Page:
Love. Unconditional love that expects nothing in return. Opposite: Self-serving.
Joy. Inner contentment that comes with speaking and upholding truth, honesty and integrity in relationships, and decent conduct. Opposite: Discontent.
Peace. Living with contentment in a world that is never satisfied. It is also when the dignity of all living beings are respected and when legitimate differences are tolerated. Opposite: Anxiety-filled.
Patience. The virtue of suffering delay with composure and without complaint. It is also the willingness to wait even in a world of instant gratification and to slow down and set aside one’s personal plans and concerns. Opposite: High-strung.
Kindness. A warm and friendly disposition demonstrated by a kind and compassionate person who is polite, well-mannered, respectful, considerate, pleasant, agreeable, cheerful, helpful, positive, and complimentary. Opposite: Privileged and Elitist.
Goodness. A bigheartedness grounded in unselfish generosity and integrity and the courage to do the right thing even when it’s hard. Opposite: Dishonest and Deceitful.
Faithfulness. Demonstrated by loyalty, fulfilling commitments fulfilled, keeping promises, and being true to one’s word. Opposite: Unreliable.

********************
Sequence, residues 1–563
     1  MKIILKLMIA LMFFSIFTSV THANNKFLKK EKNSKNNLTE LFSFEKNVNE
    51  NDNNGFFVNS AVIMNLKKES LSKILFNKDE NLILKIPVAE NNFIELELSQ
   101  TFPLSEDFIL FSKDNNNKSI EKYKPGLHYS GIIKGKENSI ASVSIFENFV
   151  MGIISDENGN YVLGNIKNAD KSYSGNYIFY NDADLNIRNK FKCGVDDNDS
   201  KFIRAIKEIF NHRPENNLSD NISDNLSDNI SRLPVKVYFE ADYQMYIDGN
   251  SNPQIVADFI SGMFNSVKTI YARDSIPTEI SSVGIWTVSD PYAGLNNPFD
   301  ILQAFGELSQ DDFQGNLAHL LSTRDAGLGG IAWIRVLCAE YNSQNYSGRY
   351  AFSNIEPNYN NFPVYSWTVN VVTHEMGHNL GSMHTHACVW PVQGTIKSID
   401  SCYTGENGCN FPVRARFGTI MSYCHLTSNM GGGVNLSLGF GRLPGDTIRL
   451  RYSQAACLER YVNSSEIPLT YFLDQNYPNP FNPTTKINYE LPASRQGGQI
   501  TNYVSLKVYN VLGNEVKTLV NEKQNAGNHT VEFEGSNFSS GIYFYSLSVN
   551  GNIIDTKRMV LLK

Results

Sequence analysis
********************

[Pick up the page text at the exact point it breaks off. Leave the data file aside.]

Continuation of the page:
Gentleness. Sensitivity and humble consideration for others. Mild-mannered, not pushy or abrasive. Quick to listen and slow to speak with a desire for wisdom and understanding before the desire to be heard. Opposite: Arrogant and Melodramatic.
Self-control. Reject evil and choose goody by being in control of one’s self rather than controlled by temptation or other people. The ability to remain calm, cool, and collected especially in times of crisis; be even tempered; and avoid impulsive, knee-jerk reactions and responses. Opposite: Undisciplined.
It is often said that these Gifts and Fruits are also revealed in The Beatitudes, which Jesus delivered in His Sermon on the Mount and can be found in Matthew 5-7. On the flip-side, they and the Virtues of humility, chastity, kindness, temperance, vigilance, meekness, and generosity can also ward off the Seven Deadly Sins of pride, lust, envy, gluttony, sloth, anger, and greed, respectively.
Turn on any newscast or scroll any social media site and the urgent need for all of these good traits and true gifts will quickly be revealed. Time to be the gardeners of our inner spirits so we can plant the seeds of fruits that are healthy for the whole of the land. Time to dig deep.